is available in the literature. A similar database for the final
refinery residues is less extensive. However, by ash playing
an insignificant role compared with the coals, predictions of
the behavior of the final residues during gasification are more
accurate. If the final residue is in the solid phase, such as
cokes, the feedstock preparation and feeding are quite
straightforward. In the case of visbreaking tars and pitches,
specially designed systems are available to enable feeding in
the molten phase. In some cases, a gas oil may be added as a
diluent to improve feeding to the gasifier.
It is believed that the most detailed information on properties
of petroleum cokes was published by Bryers [
compositional data and ash analysis, published in this article
are reproduced in Tables 5 and 6, respectively. Important
information on properties of the delayed coke was published
by Bechtel [
]. Although properties of the feed influence
properties of the coke, the effect of processing conditions is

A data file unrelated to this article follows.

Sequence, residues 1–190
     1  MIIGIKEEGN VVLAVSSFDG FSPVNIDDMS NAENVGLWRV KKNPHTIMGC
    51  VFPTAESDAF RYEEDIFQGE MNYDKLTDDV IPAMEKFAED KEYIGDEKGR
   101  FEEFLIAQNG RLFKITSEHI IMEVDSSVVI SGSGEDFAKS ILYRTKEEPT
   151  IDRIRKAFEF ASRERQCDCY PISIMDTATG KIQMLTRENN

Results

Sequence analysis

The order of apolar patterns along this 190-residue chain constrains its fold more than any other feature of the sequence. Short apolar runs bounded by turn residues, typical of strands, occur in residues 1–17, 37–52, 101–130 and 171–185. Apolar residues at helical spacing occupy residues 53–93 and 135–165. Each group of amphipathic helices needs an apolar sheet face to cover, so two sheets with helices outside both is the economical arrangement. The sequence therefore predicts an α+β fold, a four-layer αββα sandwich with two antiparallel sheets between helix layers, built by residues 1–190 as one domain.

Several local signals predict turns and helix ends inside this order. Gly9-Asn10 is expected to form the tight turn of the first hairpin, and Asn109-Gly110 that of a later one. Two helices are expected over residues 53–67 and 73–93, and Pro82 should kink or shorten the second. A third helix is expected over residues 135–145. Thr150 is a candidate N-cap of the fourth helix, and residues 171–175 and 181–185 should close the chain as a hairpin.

quite evident from the results in Table 5. In this regard, the
content of volatiles, carbon and hydrogen are the best
indicators of the severity to which the coke was subjected. As
one would predict, based on the process conditions, the content
of volatiles and hydrogen was largest for delayed coke and
lowest for flexicoke. The significant difference in H/C ratio
among the cokes indicates the degree of aromatization. Also,
this reflects the difference in the severity of the processes. This
may have a direct effect on the gasification reactivity, if the
same particle size of the delayed and flexicokes is used for
comparison. Thus, the reactivity of the latter is significantly
lower. Properties of the feed from which the cokes were
prepared influenced parameters such as the content of ash,
nitrogen and sulphur.
The chemical composition of the cokes ashes is entirely
determined by the properties of the mineral matter contained in
the feed from which the cokes were derived. In this regard, the
high content of NiO and V2O5 in the ashes from the delayed
coking and flexicoking would indicate more conventional type
feeds compared with the fluid coke, in which case SiO2, Al2O3
and Fe2O3 account for most of the ash. Thus, the small amount
of clay like species are usually present in heavier crudes. The
ash composition determines the fusion properties.
Ash fusion, °C
Ash fusion, °C oxid. atm ID ST (sph.)
brittle and can be readily crushed, as indicated by the
Hardgrowe index exceeding 80. As rather high viscosities
suggest, feeding of such materials in a molten phase could be
difficult. However, there are some asphalts from deasphalting
having a softening point lower than 100°C [